Nerium oleander is a popular ornamental garden plant due to its beauty and tolerance of poor soil and drought, but unfortunately it’s very toxic to many species of animals.
Dogs, cats, goats, cattle, sheep, camelids, budgerigaries, rabbits and horses are all species that have been affected by oleander. Studies indicate mice, rats and chickens may be more resistant to the cardiac effects of Oleander; however, at higher doses neurological signs may be seen in these animals.
Mechanism of Action
Oleander contains cardiac glycosides, which inhibit the sodium/potassium ATPase pump, causing hyperkalemia and also increased intracellular calcium leading to early depolarization, cardiac irritability and arrhythmias.
Last but not least, glycosides decrease sympathetic tone and increase vagal tone, resulting in bradycardia and heart block.
Clinical signs may include:
Gastrointestinal (vomiting, diarrhea)
Arrhythmias (bradycardia, tachycardia, ventricular tachycardia, premature ventricular contractions, AV block)
Blood pressure changes (hypotension or hypertension)
Hyperkalemia is the most common; however, hypoglycemia has been reported as a direct result of the toxins.
Due to potential severity of signs, other changes such as hemoconcentration, prerenal azotemia and electrolyte abnormalities may be seen secondary to the gastrointestinal effects and/or poor perfusion.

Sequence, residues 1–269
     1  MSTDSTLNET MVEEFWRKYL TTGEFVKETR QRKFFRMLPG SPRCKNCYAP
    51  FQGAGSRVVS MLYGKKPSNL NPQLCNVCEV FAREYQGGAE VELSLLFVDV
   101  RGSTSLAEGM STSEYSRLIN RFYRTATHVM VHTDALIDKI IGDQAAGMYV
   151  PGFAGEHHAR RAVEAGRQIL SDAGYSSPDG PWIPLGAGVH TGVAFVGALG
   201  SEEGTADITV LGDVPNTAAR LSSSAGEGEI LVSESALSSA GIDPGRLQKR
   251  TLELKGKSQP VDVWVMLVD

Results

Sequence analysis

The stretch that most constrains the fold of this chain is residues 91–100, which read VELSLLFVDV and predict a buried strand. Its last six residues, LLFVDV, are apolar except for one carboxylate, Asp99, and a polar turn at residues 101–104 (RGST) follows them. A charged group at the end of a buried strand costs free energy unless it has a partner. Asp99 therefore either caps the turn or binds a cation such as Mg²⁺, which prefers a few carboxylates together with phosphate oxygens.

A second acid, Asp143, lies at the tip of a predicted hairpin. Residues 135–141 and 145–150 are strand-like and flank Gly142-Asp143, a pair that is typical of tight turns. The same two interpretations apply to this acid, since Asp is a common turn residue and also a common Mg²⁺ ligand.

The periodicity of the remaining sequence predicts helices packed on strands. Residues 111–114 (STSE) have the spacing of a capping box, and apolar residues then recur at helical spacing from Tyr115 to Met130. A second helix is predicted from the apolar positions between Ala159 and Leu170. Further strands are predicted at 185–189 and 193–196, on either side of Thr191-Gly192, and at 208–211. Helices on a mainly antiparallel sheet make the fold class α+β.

Treating the Asymptomatic Pet
If the pet has presented without symptoms and is a recent exposure (generally three hours or less post exposure), emesis may be considered. Activated charcoal also should be considered, with repeated doses considered in large exposures.
Monitor the patient in hospital for a minimum of 12 hours. If signs develop, they may last up to three days. Encouraging passage of plant material, particularly in large exposures, is advised. Obtaining baseline electrolytes, glucose, and biochemistry profile is ideal.
Treating the Symptomatic Pet
Manage vomiting with an antiemetic if needed.
Administer IV fluids with a balanced electrolyte solution (avoid calcium containing fluids) for rehydration and cardiovascular support.
Evaluate and address cardiovascular signs—typically hypotension is secondary to arrhythmias. Atropine is appropriate for bradycardia or AV block, lidocaine for tachyarrhythmias.
Benzodiazepines may be used for seizures.
Hyperkalemia may need to be addressed with sodium bicarbonate or insulin/dextrose therapy.